By Amy Falkofske, Contributing Writer
Tasha Fuller’s first published work, “It’s Bath Time Baby,” started as a musical nursery rhyme simply intended to keep the Woodbridge resident’s then 3-month-old daughter, Aukema, entertained in the bath. It has since transformed Fuller, an event planner who works from home, into a budding children’s book author.
Though Fuller once remarked to a friend that she wanted to write a book, this new development in her life has still taken her and her family by surprise, she said. “I never envisioned it,” said Fuller of her new book, released a few days before last Thanksgiving. Added her husband, Freddie Fuller II, “It’s still unbelievable to me that I have an author in the house.”
The transformation didn’t happen overnight. Aukema is now 9 years old. As a self-published author, Fuller said that the hardest part of the nine-year publication process was finding an illustrator. Then, a little more than a year ago, the pieces started to fall into place. As part of her event planning and consulting business, Your Go2 Girls, Fuller was hired to plan a wedding. The bride was professional illustrator Christiana Sandoval.
The two soon discovered that in addition to having a common goal of producing children’s books, they are fellow alums of Virginia Commonwealth University in Richmond, where Sandoval is based. They knew immediately that they wanted to work together.
“I thought it was a really cute idea … to have this little book that gets kids excited about bath time,” said Sandoval. It was her first illustrated book project, but will not be her last, she said. The two women have developed a friendship and plan to work on future projects together.
Inspired by Family
Fuller credited her mother Hattie Courtney, whom she named as her mentor, for her work ethic. “She’s the epitome of working hard. I couldn’t ask for a better role model,” said Fuller.
She traced her talent for writing, however, to her grandmother, Glenee Sullivan. When Fuller listened to poems written by her grandmother read at the older woman’s funeral, she realized that her own ability to create rhymes ran in the family. From there, Fuller discovered and pursued her interest in writing.
She gets most of her inspiration for subject matter from her children. In addition to Aukema, Fuller and her husband have 4- year-old twins, Freddie III and Amira. Over the years Fuller has created numerous rhymes that she sings to her children about the different things they do throughout the day, such as waking up in the morning or spelling their names, she explained.
Fuller’s children inspire her in other ways as well. “As an African- American, you don’t always find books that reflect what your kids look like. It’s so important for their positive self-image that there are books that they can relate to,” said Fuller. “It’s important for all kids, no matter what race or color, that they have something that looks like them.”
Their influence doesn’t stop there. Fuller enlisted her children in helping her to pick which illustrations would be used for the book. She said that they even passed out postcards at school advertising the release and book signing, which took place Nov. 24 last year in Lake Ridge at the Chinn Park Regional Library. The Woodbridge chapter of Mocha Moms, Inc., of which Fuller is a member and former president, organized the event. The nonprofit organization is a support group for mothers of color who have chosen not to work full-time outside of the home, to devote more time to their families and communities.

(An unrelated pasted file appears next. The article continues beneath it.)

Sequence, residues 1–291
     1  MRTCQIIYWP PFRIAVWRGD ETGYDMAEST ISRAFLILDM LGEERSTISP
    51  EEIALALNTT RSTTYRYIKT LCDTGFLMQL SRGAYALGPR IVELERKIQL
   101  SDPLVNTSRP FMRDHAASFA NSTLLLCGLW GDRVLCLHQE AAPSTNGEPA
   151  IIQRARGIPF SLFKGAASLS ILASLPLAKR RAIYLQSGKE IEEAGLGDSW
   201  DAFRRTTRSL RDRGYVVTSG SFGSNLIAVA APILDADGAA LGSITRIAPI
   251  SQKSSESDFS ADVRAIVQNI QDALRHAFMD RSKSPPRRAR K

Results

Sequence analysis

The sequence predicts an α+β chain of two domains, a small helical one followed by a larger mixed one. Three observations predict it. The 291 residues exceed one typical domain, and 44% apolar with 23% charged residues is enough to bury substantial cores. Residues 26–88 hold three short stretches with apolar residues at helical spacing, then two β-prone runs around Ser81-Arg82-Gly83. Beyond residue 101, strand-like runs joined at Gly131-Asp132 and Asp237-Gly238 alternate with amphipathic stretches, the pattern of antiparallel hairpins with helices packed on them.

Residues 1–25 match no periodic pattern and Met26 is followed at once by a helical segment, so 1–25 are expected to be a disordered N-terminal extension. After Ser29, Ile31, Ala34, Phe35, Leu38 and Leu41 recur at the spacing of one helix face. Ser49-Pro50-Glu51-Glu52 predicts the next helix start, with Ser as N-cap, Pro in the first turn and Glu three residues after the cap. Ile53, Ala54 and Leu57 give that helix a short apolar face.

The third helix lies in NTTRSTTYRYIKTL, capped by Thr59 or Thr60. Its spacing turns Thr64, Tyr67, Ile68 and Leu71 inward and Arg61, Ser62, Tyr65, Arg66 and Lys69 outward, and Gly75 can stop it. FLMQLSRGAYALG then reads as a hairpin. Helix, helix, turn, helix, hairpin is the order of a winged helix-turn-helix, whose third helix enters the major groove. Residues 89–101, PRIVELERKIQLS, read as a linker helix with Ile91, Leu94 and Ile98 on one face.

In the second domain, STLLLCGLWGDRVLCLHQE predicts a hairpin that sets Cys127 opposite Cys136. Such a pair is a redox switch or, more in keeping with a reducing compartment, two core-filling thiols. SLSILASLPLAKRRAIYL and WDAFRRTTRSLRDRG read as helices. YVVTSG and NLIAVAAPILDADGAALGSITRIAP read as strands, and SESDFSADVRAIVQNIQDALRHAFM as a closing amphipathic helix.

Living with Optimism
Fuller said that she believes that faith in God has played a role in her success, adding that she lives her life with an attitude of optimism and gratitude and clings to her faith even during life’s storms.
“It’s all a learning experience,” she explained. “I’ve learned that I’m not superwoman. … If it doesn’t have anything to do with my kids and family, it’s secondary in my life.” Fuller said that being spiritually grounded has helped her realize “that really the most important thing that God gives you is your family.”
Said her friend of 10 years, Vanessa Russell, a television producer and, like Fuller, a work-at-home mom and long-time member of Mocha Moms, Inc., where they met, “We’re so very proud of what she’s doing and how she’s able to show moms that whatever season you’re in in your life, find that moment and own it, whatever that moment is, even if it’s something as simple as bath time with your children. Enjoy that moment. Make it fun for the both of you because you don’t have those moments often. You don’t have them again.”
Asked if future children’s books are in the works, Fuller replied with a resounding yes. Next she plans to turn “It’s Bath Time Baby” into an e-book, she said. There are also plans for a CD to go along with the book, and eventually Fuller would like to turn the songs she sings to her children into a multimedia collection. Another possible book project is about how children interpret such sights and sounds as bumps in the night and scary shadows.
Fuller’s advice for would-be children’s book authors: First find a subject matter and then “Do it!” Fuller said she learned so much about self-publishing that she now plans to incorporate a separate arm of her Your Go2 Girls business to help other authors become self-published.
Her husband said he has no doubt that Fuller will accomplish all her goals. “Typically, when Tasha says she wants to do something, she makes it happen,” he said. She agreed. “I don’t believe in failure,” she said.
“It’s Bath Time Baby” can be purchased at ItsBathTimeBaby.com, where more information can be found on Fuller’s first book.
Amy Falkofske ([email protected]) is a freelance writer as well as the owner/photographer of Beautiful Moments by Amy Photography. She lives in Bristow with her husband and two sons.